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The Gettysburg address lives on [Commentary]

Abraham Lincoln delivered the Gettysburg Address 150 years ago Tuesday. 

At 272 words, it is a model of brevity and a testament to Lincoln's political wisdom. He shows us that words can clarify, challenge, inspire. Perhaps most of all, they can stop us in the muck of our political selfishness and prompt us to imagine a country greater than the silly procedural games and hate-filled diatribes that pass for civic discourse these days.

Last April, I visited Gettysburg National Military Cemetery on a field trip with my college students. As we walked the grounds, astounded by the horror and the valor of the three-day battle, we read Lincoln's speech aloud and wondered, to each other and ourselves, what difference words could make when war and inequality and hate and bitterness seem intertwined with the history of our country, with the nature of who we have always been, and what we might always be.

We do not read speeches any more. Even the 10 sentences of the Gettysburg Address seem too long for our eyes accustomed to headlines, text messages and 140-character Tweets. But if we did, we might see the address, Lincoln, and even ourselves in a different light.

If you take up the challenge, here are four ways to partake in one of history's most celebrated moments:

•As a window: Lincoln's address provides a view into how different our forebears were from us. Consider his reflections on the futility of the dedication ceremony itself — "The world will little note, nor long remember what we say here, but it can never forget what they did here." In an age of ceaseless self-promotion and viral celebrations of everything, Lincoln's words sting with the fundamental tonic of moral courage, fortitude displayed in battle, yes, and also in thinking hard about things that truly matter.

•As a platform: The address builds informed understandings of important ideas. Lincoln reminds us that at its creation, the United States was to be a country in which "all men are created equal." Lincoln called on his contemporaries to remember an older, deeper, more resolute equality and, in so doing, strive to realize the "better angels of their natures," as he said in another speech. That proposition, as he called it, was not realized in his day, and we well may wonder if it is evident today.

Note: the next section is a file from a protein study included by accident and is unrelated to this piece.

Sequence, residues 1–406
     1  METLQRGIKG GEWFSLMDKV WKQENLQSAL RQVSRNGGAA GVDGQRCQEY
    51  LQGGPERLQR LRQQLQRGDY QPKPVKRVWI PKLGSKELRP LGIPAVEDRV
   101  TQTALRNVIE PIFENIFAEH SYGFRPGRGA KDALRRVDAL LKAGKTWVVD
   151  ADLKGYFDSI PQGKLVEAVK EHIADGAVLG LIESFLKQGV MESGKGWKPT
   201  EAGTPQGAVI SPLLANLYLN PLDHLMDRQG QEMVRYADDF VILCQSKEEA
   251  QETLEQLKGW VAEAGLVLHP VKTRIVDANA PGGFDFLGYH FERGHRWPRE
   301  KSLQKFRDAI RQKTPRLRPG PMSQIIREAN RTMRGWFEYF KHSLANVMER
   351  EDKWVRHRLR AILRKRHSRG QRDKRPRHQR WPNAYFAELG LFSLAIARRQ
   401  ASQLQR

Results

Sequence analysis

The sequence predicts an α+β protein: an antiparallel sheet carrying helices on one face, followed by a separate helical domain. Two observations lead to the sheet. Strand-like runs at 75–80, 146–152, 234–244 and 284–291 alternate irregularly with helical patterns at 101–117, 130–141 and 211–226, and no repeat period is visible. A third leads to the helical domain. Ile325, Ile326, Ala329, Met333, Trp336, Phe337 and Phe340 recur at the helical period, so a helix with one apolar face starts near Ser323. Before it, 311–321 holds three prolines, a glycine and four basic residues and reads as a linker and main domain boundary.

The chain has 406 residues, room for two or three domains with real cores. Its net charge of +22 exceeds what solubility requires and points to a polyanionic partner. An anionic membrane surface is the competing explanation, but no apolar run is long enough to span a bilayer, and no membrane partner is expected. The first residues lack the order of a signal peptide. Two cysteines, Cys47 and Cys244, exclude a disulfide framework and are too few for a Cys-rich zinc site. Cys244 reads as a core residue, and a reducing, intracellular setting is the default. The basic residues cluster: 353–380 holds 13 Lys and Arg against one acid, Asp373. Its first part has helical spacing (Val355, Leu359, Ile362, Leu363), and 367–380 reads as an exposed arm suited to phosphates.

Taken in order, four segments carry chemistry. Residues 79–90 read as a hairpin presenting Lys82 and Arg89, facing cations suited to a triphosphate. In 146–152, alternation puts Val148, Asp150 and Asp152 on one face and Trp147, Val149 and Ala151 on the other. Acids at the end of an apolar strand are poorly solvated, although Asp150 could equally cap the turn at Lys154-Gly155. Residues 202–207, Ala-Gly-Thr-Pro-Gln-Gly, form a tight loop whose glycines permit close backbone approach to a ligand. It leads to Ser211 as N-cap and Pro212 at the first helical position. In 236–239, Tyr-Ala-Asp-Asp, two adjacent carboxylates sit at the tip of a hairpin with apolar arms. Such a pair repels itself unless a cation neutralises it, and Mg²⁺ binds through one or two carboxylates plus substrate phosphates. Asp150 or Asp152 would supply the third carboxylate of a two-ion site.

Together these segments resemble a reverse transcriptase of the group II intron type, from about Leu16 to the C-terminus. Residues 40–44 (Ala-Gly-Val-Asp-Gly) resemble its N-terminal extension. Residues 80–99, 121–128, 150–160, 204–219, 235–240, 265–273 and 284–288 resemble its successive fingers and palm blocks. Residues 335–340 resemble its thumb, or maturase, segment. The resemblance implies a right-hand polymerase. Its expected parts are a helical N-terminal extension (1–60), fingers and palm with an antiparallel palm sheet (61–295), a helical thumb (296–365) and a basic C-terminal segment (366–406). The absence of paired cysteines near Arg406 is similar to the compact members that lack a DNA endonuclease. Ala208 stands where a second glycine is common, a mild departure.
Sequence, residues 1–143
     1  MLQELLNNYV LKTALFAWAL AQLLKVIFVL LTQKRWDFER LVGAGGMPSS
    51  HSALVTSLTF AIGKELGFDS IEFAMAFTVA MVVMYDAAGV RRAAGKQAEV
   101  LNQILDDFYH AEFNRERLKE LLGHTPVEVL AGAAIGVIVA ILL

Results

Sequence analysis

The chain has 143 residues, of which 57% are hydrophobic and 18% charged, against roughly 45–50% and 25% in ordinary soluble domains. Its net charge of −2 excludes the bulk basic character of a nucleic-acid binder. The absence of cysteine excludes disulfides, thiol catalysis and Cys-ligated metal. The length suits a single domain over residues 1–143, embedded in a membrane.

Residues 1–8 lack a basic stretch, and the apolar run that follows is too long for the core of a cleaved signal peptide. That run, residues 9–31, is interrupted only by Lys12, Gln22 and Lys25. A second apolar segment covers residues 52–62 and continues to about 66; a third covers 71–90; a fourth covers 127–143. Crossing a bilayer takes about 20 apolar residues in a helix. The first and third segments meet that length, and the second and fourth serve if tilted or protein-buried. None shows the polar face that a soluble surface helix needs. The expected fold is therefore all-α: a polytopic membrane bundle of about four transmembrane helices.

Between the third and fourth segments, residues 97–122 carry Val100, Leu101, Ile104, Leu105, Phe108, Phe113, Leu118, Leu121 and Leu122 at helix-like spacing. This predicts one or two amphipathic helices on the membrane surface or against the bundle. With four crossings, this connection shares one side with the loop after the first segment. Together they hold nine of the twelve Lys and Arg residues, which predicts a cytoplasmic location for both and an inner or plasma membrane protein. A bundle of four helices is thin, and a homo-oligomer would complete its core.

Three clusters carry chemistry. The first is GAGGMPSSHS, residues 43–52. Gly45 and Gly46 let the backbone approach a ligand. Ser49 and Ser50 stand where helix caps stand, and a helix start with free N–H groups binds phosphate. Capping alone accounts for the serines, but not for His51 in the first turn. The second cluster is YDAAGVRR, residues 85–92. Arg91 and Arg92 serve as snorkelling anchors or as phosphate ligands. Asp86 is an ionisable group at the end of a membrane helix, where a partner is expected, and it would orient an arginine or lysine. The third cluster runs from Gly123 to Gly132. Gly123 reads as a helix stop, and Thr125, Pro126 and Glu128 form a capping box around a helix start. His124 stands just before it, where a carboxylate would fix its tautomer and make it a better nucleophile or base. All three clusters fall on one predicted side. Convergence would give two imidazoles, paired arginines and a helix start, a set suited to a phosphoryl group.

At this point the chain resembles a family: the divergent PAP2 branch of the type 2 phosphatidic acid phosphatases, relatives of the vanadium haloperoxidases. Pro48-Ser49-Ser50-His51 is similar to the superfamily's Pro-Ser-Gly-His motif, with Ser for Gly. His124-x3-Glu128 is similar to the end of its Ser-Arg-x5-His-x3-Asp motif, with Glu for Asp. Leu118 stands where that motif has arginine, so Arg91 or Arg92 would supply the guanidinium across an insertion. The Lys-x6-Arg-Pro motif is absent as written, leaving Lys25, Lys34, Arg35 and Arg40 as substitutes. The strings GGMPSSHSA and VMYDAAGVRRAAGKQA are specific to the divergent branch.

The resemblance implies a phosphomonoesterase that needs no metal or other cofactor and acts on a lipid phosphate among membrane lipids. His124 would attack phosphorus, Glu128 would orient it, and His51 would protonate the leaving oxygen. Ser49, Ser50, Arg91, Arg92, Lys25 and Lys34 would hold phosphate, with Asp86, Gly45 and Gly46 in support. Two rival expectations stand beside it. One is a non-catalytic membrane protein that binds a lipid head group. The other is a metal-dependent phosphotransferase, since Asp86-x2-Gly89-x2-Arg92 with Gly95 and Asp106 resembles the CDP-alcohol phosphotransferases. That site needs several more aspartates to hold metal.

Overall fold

•As a mirror: Through the speech we realize that our work — of sustaining a nation of unfettered laws and realizing a country of humane and just values — really has just begun. "It is rather for us to be here dedicated to the great task remaining before us — that from these honored dead we take increased devotion to that cause for which they gave the last full measure of devotion — that we here highly resolve that these dead shall not have died in vain." From the battlefield of Gettysburg to the battlefields of Europe and Japan and Korea and Vietnam to the battlefields of Selma and Stonewall and Iraq and Afghanistan, our dead are with us always. Their memories should inspire us to great tasks.

•As an invitation: Lincoln's address presents two invitations. "We are met on a great battle-field of that war. We have come to dedicate a portion of that field, as a final resting place for those who here gave their lives that that nation might live. It is altogether fitting and proper that we should do this." The invocation of "we" reminds us that we have profound responsibilities to one another and for each other.

The second invitation is just as resonant. Sit with Lincoln's prose and reflect on why we've lost the capacity to speak humanely in defense of our principles and give voice to our most deep-seated convictions in ways that challenge but do not sow hate.

In my office is a photograph from that April field trip. In the photograph are women and men of varying ages, black and white, Latino and Asian. They come from a variety of socio-economic circumstances and life experiences.

The photograph and Lincoln's address awaken a realization: Our democracy is blessedly, beautifully unfinished. Now, more than ever, our country is inflected by gifts of diversity, difference and possibility. These gifts abound in my students. They will make this country more beautiful because they will make it better. I think Lincoln might smile at this.

Make time to really read the Gettysburg Address. Lincoln knew that the dead were counting on us. So too are the living.

Jeffrey Kurtz is an associate professor of communication at Denison University in Granville, Ohio. His email is

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Copyright © 2014, The Baltimore Sun
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